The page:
What hubris! How can any being in the world be so arrogant as to believe that everything which is exists only for its sake? The standard extensionalist brand of animal and environmental ethics is still mired in anthropocentric arrogance. Instead of getting rid of anthropocentrism once and for all, this brand of ethics sinks deeper into the anthropocentric swamp. Like Miinchhausen, it attempts the impossible, namely to pull it up by its bootstraps. To overcome anthropocentrism, we have to look in an altogether different direction, transcend the human value perspective. When we have developed a new sensitivity for nature as it is, for nature as “the other” of humanity, then we will discover the higher value perspective of nature. By assuming our place in that higher order, by following nature, we will eventually be on the right path and then be able to overcome the environmental crisis.
3. In the higher value perspective of nature, everything which exists or lives or is complex or diverse or stable or well-ordered or harmonious or a systemic whole or integer or healthy or old or unique or rare or beautiful or wild or conscious or sentient or teleological or autonomous or creative or has a language or is rational has equal absolute intrinsic value (egalitarian version). Or the absolute value of everything depends on its grade of complexity, (bio)diversity, stability, well- orderedness, harmony, systemic character, integrity, health, age, rarity, beauty, wildness, consciousness, sentience, teleological capacity, autonomy, creativity, language, or rationality (nonegalitarian version). Human beings as human beings have no special place in the order of nature.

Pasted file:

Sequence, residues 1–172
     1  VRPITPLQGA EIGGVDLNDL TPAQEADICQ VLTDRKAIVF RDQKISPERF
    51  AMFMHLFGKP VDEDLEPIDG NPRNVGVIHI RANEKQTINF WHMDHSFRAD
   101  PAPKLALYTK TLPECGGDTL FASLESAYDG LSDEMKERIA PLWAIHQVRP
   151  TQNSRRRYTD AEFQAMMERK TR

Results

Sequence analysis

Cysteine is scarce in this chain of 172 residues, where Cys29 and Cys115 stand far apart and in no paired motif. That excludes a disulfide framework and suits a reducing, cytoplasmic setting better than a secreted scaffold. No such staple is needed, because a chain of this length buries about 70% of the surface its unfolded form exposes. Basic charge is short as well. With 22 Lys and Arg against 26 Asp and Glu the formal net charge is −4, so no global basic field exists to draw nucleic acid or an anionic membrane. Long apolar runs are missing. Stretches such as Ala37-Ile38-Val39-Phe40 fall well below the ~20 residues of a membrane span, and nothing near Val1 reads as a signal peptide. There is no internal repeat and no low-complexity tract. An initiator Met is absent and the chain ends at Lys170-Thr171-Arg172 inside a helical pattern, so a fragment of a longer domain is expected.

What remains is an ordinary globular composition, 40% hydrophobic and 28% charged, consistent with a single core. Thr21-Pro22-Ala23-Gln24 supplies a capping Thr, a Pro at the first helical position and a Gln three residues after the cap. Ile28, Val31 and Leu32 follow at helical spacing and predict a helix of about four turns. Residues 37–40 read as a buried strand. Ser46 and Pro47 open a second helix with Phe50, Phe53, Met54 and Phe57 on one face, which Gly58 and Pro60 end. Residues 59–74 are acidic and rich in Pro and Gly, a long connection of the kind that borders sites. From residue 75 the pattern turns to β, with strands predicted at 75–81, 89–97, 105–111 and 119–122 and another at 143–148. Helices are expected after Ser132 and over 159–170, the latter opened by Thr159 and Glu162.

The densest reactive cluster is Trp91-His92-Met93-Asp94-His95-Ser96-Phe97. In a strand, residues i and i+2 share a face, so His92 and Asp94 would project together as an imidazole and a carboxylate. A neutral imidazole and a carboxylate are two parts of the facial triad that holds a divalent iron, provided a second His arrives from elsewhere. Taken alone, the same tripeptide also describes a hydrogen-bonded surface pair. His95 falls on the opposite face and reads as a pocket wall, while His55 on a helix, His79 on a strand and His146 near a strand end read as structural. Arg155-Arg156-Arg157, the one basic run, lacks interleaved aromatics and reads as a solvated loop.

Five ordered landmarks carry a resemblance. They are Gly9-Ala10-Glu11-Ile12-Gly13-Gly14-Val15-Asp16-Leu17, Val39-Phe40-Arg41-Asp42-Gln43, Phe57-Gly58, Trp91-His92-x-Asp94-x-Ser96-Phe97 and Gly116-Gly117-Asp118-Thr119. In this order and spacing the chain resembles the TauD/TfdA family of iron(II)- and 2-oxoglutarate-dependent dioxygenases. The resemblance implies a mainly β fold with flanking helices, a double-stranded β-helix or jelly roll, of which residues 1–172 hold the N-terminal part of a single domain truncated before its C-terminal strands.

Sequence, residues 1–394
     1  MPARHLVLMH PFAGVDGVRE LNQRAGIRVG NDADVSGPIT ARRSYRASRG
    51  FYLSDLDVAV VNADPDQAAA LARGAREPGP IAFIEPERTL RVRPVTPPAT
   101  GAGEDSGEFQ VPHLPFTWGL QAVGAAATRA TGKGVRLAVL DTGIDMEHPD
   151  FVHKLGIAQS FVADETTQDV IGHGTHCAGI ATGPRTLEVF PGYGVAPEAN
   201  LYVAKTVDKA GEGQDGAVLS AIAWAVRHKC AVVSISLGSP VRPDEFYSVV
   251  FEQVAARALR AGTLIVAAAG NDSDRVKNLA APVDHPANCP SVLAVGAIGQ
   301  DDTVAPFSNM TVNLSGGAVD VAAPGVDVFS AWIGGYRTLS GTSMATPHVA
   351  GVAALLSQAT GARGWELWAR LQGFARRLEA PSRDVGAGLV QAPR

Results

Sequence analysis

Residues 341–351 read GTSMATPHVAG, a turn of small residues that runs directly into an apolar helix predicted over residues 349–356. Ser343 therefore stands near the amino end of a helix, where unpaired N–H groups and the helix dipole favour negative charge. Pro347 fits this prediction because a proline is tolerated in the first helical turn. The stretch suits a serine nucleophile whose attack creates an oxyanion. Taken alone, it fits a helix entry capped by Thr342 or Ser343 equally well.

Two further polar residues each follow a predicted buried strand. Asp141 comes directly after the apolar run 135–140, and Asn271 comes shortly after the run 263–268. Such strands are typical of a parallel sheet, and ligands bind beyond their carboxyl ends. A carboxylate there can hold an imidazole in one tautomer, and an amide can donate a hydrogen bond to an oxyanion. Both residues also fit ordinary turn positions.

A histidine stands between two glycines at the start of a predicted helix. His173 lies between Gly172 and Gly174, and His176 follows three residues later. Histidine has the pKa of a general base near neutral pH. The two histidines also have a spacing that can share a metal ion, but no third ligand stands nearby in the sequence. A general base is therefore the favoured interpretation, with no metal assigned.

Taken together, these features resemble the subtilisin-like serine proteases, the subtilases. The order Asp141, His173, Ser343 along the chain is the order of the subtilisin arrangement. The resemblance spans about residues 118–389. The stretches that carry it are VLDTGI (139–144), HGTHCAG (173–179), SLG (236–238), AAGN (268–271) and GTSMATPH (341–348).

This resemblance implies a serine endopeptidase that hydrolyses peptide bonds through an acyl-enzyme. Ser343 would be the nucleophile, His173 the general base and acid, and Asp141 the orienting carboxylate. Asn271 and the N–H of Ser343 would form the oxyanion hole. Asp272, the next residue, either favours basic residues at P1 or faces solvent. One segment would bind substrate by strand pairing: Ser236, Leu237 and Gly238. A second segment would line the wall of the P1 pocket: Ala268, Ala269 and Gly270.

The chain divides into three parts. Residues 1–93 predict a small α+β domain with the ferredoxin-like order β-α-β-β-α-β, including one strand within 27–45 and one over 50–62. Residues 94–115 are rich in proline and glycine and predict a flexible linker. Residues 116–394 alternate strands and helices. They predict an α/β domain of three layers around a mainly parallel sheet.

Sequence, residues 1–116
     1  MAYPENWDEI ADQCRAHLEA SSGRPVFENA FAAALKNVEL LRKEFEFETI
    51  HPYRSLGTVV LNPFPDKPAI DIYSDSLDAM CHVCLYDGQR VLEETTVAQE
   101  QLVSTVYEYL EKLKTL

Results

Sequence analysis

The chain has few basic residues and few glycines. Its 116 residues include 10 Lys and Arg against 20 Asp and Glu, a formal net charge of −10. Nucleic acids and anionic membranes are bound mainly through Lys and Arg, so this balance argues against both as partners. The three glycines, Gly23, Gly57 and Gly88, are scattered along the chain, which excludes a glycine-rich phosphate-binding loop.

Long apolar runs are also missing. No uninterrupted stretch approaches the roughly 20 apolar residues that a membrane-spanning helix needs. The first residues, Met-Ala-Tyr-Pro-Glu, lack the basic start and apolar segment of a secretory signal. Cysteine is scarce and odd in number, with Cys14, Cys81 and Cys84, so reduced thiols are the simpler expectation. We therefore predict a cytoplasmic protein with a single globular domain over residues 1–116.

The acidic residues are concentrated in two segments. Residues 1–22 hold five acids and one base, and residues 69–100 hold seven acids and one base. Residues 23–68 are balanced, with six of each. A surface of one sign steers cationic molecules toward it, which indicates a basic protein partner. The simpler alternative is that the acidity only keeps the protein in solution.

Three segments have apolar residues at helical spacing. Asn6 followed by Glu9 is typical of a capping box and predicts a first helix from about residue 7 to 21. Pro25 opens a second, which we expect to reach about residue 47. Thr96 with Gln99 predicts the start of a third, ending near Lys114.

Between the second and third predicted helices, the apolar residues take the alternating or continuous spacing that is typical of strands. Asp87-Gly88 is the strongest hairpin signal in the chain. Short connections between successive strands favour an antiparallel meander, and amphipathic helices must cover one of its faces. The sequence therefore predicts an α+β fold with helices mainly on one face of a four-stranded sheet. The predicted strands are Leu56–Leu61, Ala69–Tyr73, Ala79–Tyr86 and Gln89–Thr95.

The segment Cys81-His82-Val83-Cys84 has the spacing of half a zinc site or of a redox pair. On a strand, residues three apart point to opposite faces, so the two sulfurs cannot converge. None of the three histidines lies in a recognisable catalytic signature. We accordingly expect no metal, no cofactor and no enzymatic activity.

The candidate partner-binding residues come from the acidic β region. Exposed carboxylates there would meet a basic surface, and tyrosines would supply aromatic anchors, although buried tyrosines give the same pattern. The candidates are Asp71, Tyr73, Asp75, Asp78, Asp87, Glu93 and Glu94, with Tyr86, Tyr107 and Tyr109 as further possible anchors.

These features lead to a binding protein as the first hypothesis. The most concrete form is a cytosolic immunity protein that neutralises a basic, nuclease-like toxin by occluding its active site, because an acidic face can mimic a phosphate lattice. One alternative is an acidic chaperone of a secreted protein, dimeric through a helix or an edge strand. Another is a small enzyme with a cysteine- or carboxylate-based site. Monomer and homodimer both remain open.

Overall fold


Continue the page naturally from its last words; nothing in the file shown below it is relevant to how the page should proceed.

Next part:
4. To follow nature means to respect the absolute intrinsic value not only of human beings but of all nature.
3. General Comments
A rather simple mistake underlies the following nature argument: Two possible reasons exist why people are concerned with only what is of value to themselves and others of their kind. The first is that they take their species to be the greatest thing in the universe. The second is that they believe the members of their species to be the only valuers in the universe, the only beings to whom things matter. The second reason does not imply the first: If human beings are the only valuers around, it does not even make sense to talk about a value which is not a value to human beings, in particular, it makes no sense to think that the human species is of greatest importance to the universe. Only if we suppress the second motivation for moral extensionalism (which is, as we will see, the correct one), can the following nature argument seem seductive at all.